Nothing useful to add, but this also breaks my heart for you. I am grateful for you, for speaking about this at all, though I admit that I want to put my fists up and go defend you to All and Sundry, just because. Which is admittedly not useful, and so obviously, I don’t. but . . . still want to. (((hugs)))

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  2. Jolene Poseidonae says:

    Reblogged this on Strip Me Back To The Bone and commented:
    Seeing this after my last post, I need to add that i’m not trying to sound like failure isn’t a hard or bad or difficult thing, or that it doesn’t exist, or that it can all be spun into something useful or light-hearted or, you know, something. This post is beautiful in that Silence is sharing much with us, and it talking about an extremely difficult and not-often-spoken-of subject. I want to rally around him with cries of, “No, you are awesome, you are great, you did not fail, you can never fail, you are inherently awesome!!” because those are my feelings, but, you know . . . I’ve got no business doing that, because it’s not my business, period. In my view, mistakes and stumbling and failures along the way are all slightly different, though oft-times related, and while I will throw my weight soundly behind the “you only truly fail if you cease trying” concept, I will agree that yes, failure is a possibility. But, too, it also need not be a permanent state of being. And, too, too, I don’t think there’s anything wrong, necessarily, with discovering that maybe these paths are not for you.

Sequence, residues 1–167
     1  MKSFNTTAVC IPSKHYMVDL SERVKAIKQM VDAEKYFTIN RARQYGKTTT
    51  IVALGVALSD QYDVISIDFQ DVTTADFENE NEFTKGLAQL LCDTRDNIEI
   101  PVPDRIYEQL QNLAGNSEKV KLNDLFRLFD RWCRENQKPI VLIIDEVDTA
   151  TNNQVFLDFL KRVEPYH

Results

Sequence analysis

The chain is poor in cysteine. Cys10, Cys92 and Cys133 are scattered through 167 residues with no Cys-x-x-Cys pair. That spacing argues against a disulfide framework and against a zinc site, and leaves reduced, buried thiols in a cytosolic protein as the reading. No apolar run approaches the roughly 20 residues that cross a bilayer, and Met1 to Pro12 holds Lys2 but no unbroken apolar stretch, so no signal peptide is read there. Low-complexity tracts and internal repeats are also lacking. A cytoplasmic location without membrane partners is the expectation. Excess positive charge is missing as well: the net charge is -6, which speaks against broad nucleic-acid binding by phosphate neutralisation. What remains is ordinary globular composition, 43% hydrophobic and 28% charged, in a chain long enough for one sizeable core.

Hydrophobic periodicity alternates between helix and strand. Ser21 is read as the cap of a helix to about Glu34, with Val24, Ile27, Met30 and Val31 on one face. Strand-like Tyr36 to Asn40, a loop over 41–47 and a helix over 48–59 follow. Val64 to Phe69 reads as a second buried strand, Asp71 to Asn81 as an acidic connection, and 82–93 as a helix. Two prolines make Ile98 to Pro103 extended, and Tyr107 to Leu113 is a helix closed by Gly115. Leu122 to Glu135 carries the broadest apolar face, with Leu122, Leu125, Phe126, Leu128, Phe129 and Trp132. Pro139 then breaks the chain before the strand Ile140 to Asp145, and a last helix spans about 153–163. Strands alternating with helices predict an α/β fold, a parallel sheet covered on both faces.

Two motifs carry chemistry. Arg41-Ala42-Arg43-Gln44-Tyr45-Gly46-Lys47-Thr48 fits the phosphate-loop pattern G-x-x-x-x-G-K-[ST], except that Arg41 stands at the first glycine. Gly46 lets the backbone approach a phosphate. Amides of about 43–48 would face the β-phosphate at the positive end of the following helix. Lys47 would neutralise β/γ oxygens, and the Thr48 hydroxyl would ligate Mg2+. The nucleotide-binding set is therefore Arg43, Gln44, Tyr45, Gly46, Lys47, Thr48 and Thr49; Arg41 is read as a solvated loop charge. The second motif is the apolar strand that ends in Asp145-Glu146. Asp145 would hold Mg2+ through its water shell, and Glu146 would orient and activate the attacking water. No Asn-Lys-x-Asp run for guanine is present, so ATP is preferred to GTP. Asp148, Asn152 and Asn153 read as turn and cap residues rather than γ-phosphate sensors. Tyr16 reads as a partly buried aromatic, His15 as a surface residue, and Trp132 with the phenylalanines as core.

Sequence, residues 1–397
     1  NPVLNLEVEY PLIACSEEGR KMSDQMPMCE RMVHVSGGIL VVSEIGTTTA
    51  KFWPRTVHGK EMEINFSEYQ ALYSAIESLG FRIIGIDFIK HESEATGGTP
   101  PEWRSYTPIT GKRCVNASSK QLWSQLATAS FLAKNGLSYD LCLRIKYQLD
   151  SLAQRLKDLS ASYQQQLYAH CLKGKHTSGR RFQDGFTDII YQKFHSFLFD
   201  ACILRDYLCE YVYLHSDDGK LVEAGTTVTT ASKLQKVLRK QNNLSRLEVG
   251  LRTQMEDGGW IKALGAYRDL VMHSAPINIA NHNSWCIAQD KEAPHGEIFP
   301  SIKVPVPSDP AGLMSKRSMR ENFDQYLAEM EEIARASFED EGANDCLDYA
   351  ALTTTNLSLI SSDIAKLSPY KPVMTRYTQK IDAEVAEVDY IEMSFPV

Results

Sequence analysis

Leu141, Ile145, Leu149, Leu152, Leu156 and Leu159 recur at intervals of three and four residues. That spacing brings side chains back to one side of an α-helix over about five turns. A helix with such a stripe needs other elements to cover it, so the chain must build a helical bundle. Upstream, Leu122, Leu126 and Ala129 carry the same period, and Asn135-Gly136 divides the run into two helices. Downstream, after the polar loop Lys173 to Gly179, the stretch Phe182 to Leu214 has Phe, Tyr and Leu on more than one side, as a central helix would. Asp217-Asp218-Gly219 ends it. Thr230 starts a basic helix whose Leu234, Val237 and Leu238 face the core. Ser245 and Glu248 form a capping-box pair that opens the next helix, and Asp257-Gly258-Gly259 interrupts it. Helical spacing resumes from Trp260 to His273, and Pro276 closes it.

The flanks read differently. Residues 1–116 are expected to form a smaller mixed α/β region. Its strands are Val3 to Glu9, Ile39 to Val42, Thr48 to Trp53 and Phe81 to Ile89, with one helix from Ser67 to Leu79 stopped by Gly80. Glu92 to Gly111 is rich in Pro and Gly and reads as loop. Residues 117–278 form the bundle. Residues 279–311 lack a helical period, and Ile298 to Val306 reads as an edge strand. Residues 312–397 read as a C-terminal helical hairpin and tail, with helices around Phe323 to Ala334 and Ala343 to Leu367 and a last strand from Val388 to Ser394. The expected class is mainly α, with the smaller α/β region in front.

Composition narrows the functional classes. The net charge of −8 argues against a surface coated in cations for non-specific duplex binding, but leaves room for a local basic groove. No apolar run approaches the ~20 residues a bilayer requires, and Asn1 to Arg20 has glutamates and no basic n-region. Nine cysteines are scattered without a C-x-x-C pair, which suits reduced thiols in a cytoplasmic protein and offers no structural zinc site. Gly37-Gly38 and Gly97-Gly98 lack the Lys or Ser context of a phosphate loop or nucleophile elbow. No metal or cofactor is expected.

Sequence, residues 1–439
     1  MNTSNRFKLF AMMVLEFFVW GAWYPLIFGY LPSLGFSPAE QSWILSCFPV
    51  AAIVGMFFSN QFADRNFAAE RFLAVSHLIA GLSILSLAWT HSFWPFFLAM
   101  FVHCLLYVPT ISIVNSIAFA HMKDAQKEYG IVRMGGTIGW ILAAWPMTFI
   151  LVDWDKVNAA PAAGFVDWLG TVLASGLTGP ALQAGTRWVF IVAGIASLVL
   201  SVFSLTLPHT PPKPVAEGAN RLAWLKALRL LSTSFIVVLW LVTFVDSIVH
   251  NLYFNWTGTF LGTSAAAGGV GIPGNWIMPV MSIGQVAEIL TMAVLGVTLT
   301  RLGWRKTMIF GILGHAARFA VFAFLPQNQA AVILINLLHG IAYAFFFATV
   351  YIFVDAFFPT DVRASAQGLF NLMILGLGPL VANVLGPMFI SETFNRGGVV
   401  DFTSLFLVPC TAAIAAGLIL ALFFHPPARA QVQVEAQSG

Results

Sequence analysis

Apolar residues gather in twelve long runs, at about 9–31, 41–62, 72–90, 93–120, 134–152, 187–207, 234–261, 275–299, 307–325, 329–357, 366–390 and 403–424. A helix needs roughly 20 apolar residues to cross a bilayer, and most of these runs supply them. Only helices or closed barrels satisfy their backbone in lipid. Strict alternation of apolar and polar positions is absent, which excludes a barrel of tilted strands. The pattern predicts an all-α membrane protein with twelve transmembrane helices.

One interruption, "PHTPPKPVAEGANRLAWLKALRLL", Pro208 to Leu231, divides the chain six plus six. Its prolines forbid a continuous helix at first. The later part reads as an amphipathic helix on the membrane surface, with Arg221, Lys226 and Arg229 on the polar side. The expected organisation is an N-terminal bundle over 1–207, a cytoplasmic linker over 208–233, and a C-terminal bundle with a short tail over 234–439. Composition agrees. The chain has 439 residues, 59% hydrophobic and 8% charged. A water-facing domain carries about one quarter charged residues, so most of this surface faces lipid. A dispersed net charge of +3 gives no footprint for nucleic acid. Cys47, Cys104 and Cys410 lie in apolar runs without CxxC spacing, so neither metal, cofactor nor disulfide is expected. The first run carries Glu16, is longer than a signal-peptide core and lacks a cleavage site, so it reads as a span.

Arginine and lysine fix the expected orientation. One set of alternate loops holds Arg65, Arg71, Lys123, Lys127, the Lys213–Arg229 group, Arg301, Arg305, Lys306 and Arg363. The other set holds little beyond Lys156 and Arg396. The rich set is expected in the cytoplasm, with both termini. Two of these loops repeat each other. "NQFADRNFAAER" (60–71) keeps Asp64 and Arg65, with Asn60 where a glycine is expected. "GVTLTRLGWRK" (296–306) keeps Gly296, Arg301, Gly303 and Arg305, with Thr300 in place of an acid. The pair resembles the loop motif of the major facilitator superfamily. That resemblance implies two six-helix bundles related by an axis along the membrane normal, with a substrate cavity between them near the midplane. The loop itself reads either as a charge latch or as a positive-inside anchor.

This is a very valuable, if sober, read.

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    • Silence says: